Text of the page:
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middle school, high school, and now college, is my ability to focus on an academic task when I really need to buckle down and concentrate. I get decent grades because I can give enough focus at the last minute, some call it "cramming," to get through the test, or get the paper done in time. But because I can't bring a consistent sense of concentration in a regular pattern, I become stressed when time comes to be tested, or to turn in a research paper or essay.
When I am assigned to read a book, I have a problem concentrating on the text, and very often I have to go back and read the whole previous page over again because I have no idea what I just read. Even very interesting fiction, my mind drifts off while I'm reading. But I have come to grips with my reading problem and that is I use yellow "post-it" notes on every page I read. I stop, jot down the main theme of that page, or point to a specific passage with a "stickie" and draw an arrow to the passage I should remember or later be able to retrieve. Sometimes I actually take notes on a separate piece of paper and identify important places in the text by page number so I can go back to that page when I need to review the book for an exam.
Of course, for most students, there is always some degree of cramming; it is part of being a university student. We all procrastinate to some degree. Or most of us anyway. We're not machines, we're not robots, and we have our distractions and flaws. But I believe that the majority of successful university students have good study habits that keep them up to speed with the pace of the class, on a consistent basis, so they don't have to encounter horrible stress at the last minute as they do "all-nighter's" and cram to get a passing grade. I am envious of those students who put aside specific hours each day (in the library or their room) to study and review, or to do online research as part of an assignment.
As background, my parents had me tested for ADHA in middle school when I got a "D" in a math class. My mother began looking into my room, checking on me to see if I was really studying, or just hanging out. I did have a television in my room for awhile, but they took it out because of that "D" in math. The results of the ADHA testing showed that I do not have an attention deficit problem. The person conducting the test told my parents that I just had "a very active and creative imagination" and with time, I would learn to concentrate for those important moments.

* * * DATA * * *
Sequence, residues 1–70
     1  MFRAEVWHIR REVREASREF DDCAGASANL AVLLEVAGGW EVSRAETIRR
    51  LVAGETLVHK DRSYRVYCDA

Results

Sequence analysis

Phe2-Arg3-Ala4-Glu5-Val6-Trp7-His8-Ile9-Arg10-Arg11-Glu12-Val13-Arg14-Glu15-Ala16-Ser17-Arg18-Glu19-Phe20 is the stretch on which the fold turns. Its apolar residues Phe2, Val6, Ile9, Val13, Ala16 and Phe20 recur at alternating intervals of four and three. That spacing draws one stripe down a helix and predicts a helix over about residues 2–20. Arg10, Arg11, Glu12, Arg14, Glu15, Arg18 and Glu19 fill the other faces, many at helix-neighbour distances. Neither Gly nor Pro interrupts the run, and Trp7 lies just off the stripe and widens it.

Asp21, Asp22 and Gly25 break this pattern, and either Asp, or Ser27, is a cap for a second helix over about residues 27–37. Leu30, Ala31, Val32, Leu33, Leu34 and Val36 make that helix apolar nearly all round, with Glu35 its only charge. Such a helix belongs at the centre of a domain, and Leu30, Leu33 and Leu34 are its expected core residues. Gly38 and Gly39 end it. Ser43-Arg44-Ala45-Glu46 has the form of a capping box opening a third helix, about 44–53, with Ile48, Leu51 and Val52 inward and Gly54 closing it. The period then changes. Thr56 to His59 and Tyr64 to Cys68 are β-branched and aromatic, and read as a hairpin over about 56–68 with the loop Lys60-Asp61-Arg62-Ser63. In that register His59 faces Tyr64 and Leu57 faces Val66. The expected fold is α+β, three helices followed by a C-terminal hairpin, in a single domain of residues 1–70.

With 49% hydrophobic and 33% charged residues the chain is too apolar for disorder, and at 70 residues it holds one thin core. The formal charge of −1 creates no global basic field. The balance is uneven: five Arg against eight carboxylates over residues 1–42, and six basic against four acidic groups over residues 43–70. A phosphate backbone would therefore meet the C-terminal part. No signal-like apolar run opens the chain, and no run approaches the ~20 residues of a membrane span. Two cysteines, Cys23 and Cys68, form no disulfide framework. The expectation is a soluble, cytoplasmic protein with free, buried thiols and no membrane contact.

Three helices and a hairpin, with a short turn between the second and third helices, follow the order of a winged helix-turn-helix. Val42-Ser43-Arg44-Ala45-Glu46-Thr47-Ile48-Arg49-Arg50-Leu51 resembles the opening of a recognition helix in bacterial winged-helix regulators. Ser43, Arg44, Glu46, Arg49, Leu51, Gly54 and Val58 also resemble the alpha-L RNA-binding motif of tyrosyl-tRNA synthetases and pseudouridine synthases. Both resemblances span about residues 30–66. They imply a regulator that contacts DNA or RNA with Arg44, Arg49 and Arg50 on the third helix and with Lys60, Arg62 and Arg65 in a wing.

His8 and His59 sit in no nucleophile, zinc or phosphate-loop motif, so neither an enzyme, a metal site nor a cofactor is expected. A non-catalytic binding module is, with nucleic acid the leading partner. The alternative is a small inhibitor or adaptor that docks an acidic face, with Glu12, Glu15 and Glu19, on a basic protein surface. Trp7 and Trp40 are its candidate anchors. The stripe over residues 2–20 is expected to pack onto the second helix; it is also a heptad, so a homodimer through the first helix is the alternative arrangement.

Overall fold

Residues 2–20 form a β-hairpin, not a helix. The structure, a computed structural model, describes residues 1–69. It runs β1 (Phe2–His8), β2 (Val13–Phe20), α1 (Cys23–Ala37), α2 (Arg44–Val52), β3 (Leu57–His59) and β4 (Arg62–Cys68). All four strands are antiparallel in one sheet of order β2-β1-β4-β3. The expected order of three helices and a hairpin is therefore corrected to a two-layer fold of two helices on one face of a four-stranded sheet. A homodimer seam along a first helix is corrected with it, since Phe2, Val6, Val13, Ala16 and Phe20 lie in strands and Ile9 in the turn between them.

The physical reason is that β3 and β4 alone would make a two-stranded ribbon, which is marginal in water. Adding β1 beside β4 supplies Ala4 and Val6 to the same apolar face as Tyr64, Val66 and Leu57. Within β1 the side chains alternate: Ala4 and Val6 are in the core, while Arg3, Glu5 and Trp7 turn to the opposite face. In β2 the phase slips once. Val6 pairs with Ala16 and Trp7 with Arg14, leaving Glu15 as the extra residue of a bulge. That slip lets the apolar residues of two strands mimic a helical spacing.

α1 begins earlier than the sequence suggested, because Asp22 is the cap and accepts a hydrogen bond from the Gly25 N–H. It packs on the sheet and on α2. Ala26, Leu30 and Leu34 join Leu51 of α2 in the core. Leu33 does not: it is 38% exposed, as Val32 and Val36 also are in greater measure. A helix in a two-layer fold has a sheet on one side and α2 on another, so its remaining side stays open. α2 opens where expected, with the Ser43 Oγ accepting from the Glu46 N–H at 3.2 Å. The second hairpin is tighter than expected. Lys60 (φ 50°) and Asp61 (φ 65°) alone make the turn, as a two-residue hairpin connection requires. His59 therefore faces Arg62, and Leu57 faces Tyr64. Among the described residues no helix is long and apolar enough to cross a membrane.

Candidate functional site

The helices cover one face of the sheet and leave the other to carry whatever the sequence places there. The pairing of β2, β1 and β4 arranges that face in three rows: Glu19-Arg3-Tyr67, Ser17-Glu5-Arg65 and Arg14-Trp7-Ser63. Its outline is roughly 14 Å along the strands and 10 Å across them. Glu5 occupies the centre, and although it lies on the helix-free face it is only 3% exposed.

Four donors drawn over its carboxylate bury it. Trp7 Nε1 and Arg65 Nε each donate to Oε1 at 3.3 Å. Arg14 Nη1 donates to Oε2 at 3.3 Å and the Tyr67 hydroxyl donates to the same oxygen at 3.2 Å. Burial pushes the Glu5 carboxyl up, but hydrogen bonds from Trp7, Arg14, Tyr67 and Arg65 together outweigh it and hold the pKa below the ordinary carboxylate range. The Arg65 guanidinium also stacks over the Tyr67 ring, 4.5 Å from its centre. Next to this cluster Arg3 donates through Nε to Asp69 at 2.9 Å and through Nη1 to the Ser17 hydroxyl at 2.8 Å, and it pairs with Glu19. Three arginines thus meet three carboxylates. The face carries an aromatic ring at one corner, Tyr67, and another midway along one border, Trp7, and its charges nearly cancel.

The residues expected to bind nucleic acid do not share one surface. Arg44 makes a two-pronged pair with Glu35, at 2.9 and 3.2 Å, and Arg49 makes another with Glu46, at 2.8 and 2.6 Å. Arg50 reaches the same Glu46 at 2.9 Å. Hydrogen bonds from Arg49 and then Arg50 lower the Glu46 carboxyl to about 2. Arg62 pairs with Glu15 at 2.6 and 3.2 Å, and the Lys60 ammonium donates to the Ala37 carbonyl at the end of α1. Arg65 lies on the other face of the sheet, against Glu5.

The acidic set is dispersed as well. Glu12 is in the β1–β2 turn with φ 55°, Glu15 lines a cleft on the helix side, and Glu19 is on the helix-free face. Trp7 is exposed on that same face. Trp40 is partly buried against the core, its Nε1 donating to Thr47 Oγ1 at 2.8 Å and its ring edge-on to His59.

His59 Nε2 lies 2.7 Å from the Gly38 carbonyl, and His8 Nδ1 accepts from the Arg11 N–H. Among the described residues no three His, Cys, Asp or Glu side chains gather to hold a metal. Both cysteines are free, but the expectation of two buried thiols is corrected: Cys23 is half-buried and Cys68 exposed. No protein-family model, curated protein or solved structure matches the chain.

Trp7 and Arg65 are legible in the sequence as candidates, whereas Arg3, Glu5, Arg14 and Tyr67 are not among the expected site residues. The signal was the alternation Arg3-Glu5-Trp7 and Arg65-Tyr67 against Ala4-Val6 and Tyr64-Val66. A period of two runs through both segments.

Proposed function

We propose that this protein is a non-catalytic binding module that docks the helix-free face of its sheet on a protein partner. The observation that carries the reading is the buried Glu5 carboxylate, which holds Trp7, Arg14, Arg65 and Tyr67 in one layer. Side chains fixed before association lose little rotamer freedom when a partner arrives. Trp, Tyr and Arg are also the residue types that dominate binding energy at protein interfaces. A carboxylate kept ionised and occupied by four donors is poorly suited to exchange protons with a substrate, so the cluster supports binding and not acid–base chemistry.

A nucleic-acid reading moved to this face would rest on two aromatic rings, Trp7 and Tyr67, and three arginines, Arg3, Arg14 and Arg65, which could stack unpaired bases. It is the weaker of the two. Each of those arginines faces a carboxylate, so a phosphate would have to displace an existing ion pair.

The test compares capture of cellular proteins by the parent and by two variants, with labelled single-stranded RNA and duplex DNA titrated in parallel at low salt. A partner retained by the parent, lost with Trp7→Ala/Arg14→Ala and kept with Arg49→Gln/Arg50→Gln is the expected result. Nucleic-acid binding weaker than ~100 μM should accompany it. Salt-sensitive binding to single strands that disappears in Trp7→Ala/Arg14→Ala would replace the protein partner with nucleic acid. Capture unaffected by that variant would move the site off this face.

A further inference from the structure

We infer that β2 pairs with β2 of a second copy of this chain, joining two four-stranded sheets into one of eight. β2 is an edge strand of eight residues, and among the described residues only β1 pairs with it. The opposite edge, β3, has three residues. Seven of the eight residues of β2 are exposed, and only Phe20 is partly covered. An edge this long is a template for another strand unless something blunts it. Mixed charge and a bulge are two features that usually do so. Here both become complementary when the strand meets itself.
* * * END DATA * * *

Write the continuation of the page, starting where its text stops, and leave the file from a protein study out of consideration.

In fact I got the "D" because I hated math back then and I just didn't get the formulas. I saw numbers and equations, division and multiplication and froze up. The "D" resulted partly from me not studying, and partly because I just kind of rebelled against it. I visualized getting a "C" on a final test and just pushed those books aside so I could do something more interesting with my time, like collecting stamps and coins, and doing the research to see what was valuable and what was losing value on the market.
Speaking of psychological testing, I have not gone through any other tests because basically I haven't told my parents or my close friends or teachers that I have a block when it comes to concentration at the moment it is needed. For me, regular study, reading, research and review of assignments is just not part of my life. I must be pretty intelligent to be able at the last minute to fill in the gaps of what I should have become familiar with earlier, but I'm not bragging at all.
I just am revealing that I have gotten by on the strength of my ability to gain enough information about my classes or tests at the last minute to survive. I look back at grades I got in high school (high school of course does not challenge a student in the same way university classes to) and sometimes I think that perhaps I can recall things said by an instructor even though I didn't write it down or cover it in a textbook. I remember looking at multiple choice questions on tests and often (especially in social studies, Science, English and history classes) one of the choices would just jump out at me, and so I learned to go with my first instinct on multiple choice and many times it turned out that I was correct.